# Second report: inferential statistics

Your second report will test the hypotheses you have registered in Blackboard. The report you write will be eligible for participating in the Undergraduate Class Project Competition, and I encourage you to participate. I will happily help give you feedback on adapting your report for submission.

You will test your hypotheses on the data you didn’t use to generate your hypotheses. You can pick this subset out by

```
set.seed(Last4DigitsFromYourStudentIDNumber)
datasubset = dataset[-sample(nrow(dataset))[1:(nrow(dataset)/2)],]
```

## Criteria for C

Your report will…

- … be written in readable correct English, spell-checked.
- … be written in RMarkdown that knits without error.
- … be written by yourself: any substantial outside help has to be clearly marked as such and any citations should follow standard academic citation styles.
- … completely state in full detail both null- and alternative hypothesis for each case.
- … state a confidence level up front.
- … test every registered hypothesis.
- … report test statistics and either
*p*-values or confidence intervals for every test performed. Model details (coefficients) where appropriate. - … state a judgement on each test: significant or not?
- … interpret the judgement: what does it mean?
- … verify suitability for the tests you chose. This includes checking for normality of data or of residuals, which can be done using a QQ-plot.
- … fully document any additional data manipulation you decided to perform: if your data is very skew, the logarithm could make tests appropriate that previously were not.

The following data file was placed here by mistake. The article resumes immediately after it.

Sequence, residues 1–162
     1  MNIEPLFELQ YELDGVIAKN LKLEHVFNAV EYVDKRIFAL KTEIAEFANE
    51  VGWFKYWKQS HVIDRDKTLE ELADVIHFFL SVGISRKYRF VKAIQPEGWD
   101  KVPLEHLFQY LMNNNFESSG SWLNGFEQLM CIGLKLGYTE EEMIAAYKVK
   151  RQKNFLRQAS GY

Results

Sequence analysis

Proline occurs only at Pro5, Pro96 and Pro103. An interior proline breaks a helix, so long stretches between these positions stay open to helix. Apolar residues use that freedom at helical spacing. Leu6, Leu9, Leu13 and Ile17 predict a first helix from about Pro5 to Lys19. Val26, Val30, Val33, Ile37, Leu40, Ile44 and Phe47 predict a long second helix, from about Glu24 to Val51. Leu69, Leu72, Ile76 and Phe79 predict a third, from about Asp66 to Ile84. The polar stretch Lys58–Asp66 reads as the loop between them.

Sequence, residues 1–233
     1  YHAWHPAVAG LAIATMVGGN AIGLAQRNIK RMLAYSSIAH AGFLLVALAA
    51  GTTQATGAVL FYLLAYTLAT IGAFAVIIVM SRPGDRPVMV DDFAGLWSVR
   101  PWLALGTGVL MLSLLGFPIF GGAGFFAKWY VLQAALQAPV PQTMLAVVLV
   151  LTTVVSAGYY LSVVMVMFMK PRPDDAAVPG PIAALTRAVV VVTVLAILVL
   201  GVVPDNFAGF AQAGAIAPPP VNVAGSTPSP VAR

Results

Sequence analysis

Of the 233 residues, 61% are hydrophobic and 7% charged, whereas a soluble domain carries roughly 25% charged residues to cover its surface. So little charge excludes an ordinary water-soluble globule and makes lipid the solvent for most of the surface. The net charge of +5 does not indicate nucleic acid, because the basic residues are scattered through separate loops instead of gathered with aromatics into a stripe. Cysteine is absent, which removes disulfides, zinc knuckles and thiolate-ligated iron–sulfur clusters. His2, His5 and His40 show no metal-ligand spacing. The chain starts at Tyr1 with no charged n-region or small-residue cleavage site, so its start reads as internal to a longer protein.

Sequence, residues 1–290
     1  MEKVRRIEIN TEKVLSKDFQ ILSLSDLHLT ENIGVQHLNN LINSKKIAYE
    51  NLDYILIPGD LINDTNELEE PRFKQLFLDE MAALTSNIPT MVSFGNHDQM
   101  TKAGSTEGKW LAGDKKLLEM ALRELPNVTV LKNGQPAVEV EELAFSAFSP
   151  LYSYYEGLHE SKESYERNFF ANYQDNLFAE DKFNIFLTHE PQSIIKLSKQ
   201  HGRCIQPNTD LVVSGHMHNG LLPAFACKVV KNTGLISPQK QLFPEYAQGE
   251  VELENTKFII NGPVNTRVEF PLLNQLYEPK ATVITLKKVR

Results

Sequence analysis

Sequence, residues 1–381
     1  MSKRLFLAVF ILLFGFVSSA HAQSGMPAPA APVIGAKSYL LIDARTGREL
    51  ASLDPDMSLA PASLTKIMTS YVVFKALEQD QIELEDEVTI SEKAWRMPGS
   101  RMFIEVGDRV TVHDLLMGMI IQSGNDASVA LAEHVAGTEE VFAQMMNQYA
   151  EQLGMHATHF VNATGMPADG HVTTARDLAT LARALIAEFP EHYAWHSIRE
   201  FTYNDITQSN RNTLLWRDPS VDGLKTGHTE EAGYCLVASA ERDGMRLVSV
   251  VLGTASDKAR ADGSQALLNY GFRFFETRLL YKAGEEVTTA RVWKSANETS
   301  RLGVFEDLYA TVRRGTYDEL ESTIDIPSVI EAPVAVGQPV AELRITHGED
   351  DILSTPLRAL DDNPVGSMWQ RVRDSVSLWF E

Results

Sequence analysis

- … name each test type you are using as you use it.

## Criteria for D

Up to four tasks with minor errors. For example: the report file does not knit, but errors are relatively easy to fix; report has grammatical or spelling errors; etc.

## Criteria for F

Not handing a report in on time. Omitting one of the instructed tasks completely. Handing in a report where any knitting errors prove difficult or time-consuming to correct. Handing in a report where four or more of the criteria for C have minor errors.

## Criteria for A

To achieve the grade of A, your report will also …

- … be structured as a research paper, with sections
**Introduction and Background**: specifying what your dataset is about.**Data**: describe the data related to your tests. This does not need to be as thorough and detailed as the first report, but should specify all variables and subsets that go into the tests.**Hypotheses**: specifying your hypotheses in detail. Pick a significance level for each.**Methods**: specify and describe the analysis methods you have chosen to use. Any time a specific analysis method relies on assumptions, this is where you test these.**Results**: perform your statistical tests. Report summary statistics,*p*-values, and conclusions for each test.- … critically compare the tests you chose against possible alternatives, and motivate your choices: what other tests could you have used, and why did you use this one?
- … report both
*p*-values and confidence intervals wherever possible. - … critically evaluate the weaknesses of your chosen tests: were there tests where the conditions were not completely fulfilled? what arguments are there in favor of or against trusting their results? are the tests known to be robust against the kinds of failures you observed?

# First report: descriptive statistics